Justin Trudeau is imposing a carbon tax on provinces that have balked at implementing their own, doubling down on what is set to be a core fight of Canada’s next election.
Trudeau announced a plan Oct. 23 to tax industrial emitters and fuels in holdout provinces. The fuel surcharge alone will raise about C$2.3 billion ($1.8 billion) in revenue next year, rising to C$5.6 billion by 2022-23. The baseline price on carbon will be C$20 per metric tonne initially, rising to C$50 by 2022.
Much of the revenue will be sent directly back to individuals, and the government projects that the average household will receive more in rebates than it pays in the tax.
Prime Minister of Canada, Justin Trudeau. (Ben Nelms/Bloomberg News)
The plan will apply to Ontario, Saskatchewan, Manitoba and New Brunswick. The charge on large industrial emitters will begin in January, though revenue details have yet to finalized, while the fuel tax will take effect in April. Some of those provinces are challenging the prime minister’s authority in court.
“A number of the provinces have refused to do that, so because pollution doesn’t stop at provincial borders, we’re going to move forward with a federal approach,” Trudeau told CBC Radio before the announcement. “People will be better off, families will be better off because of the carbon incentive we’re returning to them.”
The file will be a central battleground of Canada’s next federal election one year from now. Trudeau faces growing opposition, particularly among the country’s conservative parties, to any carbon tax or cap-and-trade system. He announced the move in a Toronto suburb that is home to Ontario Premier Doug Ford, who scrapped the cap-and-trade system in Canada’s most populous province after being elected earlier this year.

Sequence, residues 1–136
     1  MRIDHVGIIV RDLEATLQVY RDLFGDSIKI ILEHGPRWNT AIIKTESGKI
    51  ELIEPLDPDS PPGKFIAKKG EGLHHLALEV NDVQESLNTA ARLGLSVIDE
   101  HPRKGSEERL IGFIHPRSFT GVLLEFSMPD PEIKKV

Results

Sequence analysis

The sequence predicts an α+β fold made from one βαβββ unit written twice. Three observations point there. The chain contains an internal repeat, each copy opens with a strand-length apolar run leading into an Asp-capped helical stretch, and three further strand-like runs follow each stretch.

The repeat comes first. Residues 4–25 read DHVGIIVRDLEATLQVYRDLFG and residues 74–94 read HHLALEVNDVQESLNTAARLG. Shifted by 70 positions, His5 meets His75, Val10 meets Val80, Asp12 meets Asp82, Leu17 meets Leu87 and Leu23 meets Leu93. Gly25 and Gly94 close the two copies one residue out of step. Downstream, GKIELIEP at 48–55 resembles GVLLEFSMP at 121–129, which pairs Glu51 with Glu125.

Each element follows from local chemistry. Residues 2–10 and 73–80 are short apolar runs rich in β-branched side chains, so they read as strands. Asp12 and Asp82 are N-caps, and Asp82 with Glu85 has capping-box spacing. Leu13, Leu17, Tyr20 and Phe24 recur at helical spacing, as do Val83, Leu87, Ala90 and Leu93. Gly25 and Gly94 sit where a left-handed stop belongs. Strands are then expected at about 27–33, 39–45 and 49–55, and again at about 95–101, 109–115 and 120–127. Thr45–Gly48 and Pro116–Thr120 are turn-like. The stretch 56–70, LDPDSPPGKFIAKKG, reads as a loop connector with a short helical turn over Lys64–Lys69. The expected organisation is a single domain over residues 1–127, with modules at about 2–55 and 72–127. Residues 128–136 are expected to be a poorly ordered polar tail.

The average household cost of the plan will range from C$202 to C$403 annually starting in 2019, depending on province, while the average household rebate will range from C$248 to C$598. The C$20 per tonne initial charge is the equivalent of 4.42 Canadian cents per liter on gasoline.
About 90% of fuel charge revenue will be returned to individuals, and the rest to cities, small businesses and institutions such as schools. Each industry will have an emissions target that is 20% less than its current average, and companies can sell credits to others.
Canada will provide C$1.5 billion over five years in “support” for small- and medium-size businesses as part of the plan, along with C$707 million for universities, hospitals and other institutions.
A carbon tax is not an environmental plan. It is a revenue plan.
federal Conservative Leader Andrew Scheer
All four provinces where the plan is to be imposed are either governed by conservatives, or may soon be. Other provinces, such as British Columbia, have introduced their own plans that meet the federal standard.
“A carbon tax is not an environmental plan. It is a revenue plan,” federal Conservative Leader Andrew Scheer said over the weekend, during a campaign-style speech to supporters. He would kill the carbon backstop if elected next year. “It is a tax no matter what they try to call it, and we will scrap it.”
Trudeau struck a political tone Oct. 23 in the radio interview. “We are not going to allow pollution to be free, even if conservatives want to make pollution free again,” the prime minister said.
The fate of emissions policy in Canada’s heaviest emitter, Alberta, remains unclear — Premier Rachel Notley has implemented her own climate plan, but polls show she could lose power in the oil-producing province next year. Her top rival has joined with Ontario’s premier in criticizing Trudeau’s plan.